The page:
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I have several dbs in production and I'd like to have a high level overview of the activity.

Ideally I'd like to know:

  • number of users accessing the db per day
  • number of inserts per table per day
  • number of updates per table per day

I thought about a little script that would run a query to get the rowcount of each table, and then save it to another db. I could execute it at night.

That would only give the number of inserts, but at least would be a first step.

Is there some tool, logging device, system table, or something that would let me get this kind of info?

I have SQL Server from 2008 onward.

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    What edition of SQL Server? Also, are your users accessing the databases with a unique user, or through a shared application user? – HandyD Feb 20 '19 at 0:27
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    Accessing is tough. SELECTs aren’t logged anywhere so you’d have to enable auditing or something to capture those. And if you have a query (or batch) that accesses 2 tables in db1, 3 tables in db2, and 2 tables in db3, how many “accesses” are those? Where? For updates/inserts you can like at sys.dm_db_index_usage/operational_stats - this doesn’t tell you how many rows but it does track insert/update/delete operations. – Aaron Bertrand Feb 20 '19 at 0:38
  • It's a mix of several versions, most ancient one is sql server 2008 – opensas Feb 20 '19 at 1:35
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To track the inserts and updates, you can use the below query which will collect the SUM of inserts, updates and deletes against the HEAP or CLUSTERED INDEX for each user table in the database.

Log this to a table and then query the deltas over time to see the inserts\updates\deletes per day. NOTE: This would have to be run against each database you wish to monitor as these DMVs are database-scoped.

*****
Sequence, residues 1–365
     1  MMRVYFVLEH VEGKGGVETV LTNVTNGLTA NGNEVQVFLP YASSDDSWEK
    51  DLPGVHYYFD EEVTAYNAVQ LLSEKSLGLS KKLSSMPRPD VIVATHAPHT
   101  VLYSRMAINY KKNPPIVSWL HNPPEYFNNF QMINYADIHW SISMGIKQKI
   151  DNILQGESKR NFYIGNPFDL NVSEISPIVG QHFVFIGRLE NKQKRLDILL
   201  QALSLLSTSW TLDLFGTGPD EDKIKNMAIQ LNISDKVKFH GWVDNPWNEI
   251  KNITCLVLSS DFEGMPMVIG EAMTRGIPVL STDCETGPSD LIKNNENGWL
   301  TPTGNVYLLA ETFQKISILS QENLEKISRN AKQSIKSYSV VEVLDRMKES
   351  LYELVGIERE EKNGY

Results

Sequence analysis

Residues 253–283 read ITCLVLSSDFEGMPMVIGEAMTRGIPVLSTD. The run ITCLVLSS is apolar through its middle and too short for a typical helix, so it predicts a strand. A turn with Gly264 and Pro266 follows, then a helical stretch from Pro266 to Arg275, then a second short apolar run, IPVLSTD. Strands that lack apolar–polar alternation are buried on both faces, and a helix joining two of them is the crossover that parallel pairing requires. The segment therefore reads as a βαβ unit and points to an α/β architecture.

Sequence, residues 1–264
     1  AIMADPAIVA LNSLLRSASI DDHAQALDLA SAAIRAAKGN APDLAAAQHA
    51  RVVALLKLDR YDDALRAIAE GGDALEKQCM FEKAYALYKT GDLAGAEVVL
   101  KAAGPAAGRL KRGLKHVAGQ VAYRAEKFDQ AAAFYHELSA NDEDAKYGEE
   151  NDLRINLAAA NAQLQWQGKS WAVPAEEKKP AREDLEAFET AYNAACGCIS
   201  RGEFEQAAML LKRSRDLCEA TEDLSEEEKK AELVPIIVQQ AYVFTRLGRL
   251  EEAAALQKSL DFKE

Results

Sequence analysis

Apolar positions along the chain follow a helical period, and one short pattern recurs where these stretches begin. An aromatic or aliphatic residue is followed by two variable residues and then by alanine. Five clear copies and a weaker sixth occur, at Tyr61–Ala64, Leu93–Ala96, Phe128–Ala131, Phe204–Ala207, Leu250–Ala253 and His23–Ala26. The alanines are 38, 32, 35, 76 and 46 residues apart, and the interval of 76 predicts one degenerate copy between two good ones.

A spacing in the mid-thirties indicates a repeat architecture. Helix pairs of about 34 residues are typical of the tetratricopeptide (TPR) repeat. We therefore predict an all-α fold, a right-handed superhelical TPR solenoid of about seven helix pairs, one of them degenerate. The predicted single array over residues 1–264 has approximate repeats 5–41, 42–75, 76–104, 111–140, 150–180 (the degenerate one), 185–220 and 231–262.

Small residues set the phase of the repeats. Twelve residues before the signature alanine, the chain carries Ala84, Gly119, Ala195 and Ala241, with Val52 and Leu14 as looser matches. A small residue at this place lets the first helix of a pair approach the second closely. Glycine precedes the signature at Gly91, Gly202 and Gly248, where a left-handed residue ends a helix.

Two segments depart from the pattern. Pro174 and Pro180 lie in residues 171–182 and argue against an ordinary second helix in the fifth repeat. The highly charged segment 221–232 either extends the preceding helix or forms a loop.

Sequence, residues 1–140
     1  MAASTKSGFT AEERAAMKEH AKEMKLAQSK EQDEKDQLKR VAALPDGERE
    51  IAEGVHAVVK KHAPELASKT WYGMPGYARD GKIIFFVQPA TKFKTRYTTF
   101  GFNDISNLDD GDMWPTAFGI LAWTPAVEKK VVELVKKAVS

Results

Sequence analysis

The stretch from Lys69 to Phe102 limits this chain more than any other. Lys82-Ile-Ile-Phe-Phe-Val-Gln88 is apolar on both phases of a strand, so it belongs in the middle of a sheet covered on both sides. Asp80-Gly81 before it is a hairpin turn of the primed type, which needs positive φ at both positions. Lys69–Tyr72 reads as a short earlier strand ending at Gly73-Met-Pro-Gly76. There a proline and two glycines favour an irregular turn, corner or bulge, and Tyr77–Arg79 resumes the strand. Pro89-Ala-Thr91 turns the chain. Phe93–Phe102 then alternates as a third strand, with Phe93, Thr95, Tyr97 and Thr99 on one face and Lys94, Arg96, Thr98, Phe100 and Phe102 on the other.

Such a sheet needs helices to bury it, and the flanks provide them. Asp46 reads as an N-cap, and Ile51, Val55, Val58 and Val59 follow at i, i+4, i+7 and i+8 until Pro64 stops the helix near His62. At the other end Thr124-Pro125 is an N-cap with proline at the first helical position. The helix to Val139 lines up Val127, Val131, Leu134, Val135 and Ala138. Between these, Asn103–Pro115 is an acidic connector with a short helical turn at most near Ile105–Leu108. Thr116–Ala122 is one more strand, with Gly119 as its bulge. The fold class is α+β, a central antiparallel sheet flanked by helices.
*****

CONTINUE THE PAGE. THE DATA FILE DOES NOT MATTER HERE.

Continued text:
USE [Database]
GO
SELECT 
    DB_NAME() AS [DATABASE NAME],
    SUM(A.LEAF_INSERT_COUNT) AS INSERTS, 
    SUM(A.LEAF_UPDATE_COUNT) AS UPDATES, 
    SUM(A.LEAF_DELETE_COUNT) AS DELETES
FROM
    SYS.DM_DB_INDEX_OPERATIONAL_STATS (db_id(),NULL,NULL,NULL ) A 
    INNER JOIN SYS.INDEXES AS I ON I.[OBJECT_ID] = A.[OBJECT_ID] AND I.INDEX_ID = A.INDEX_ID
WHERE  OBJECTPROPERTY(A.[OBJECT_ID],'IsUserTable') = 1
    AND I.INDEX_ID IN (0,1)

The user access is a little harder. If your users access the databases through an application, and that application uses a single login for SQL Server access, then you can't just track logins to determine user access. You would need to track this via your application.

If you're using individual logins, then you could use a login trigger to add a record to a tracking table to record the user, login time and initial database. See the documentation for more info. A good example can be found here. This is actually for logging sysadmin logins, but could easily be modified for your purpose.

  • Great tip, there are different approaches to how the logins are treated, so I understand that it will be harder to get the user count in a general way, but getting how many times anybody logs to the db would be pretty useful – opensas Feb 20 '19 at 1:30
  • I'm doing a few quick tests, I guess the stats counters reinit when the server restarts, right??? – opensas Feb 20 '19 at 3:00
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    @opensas that’s right, you’d have to capture things frequently because it doesn’t persist beyond restarts. – Aaron Bertrand Feb 20 '19 at 3:23

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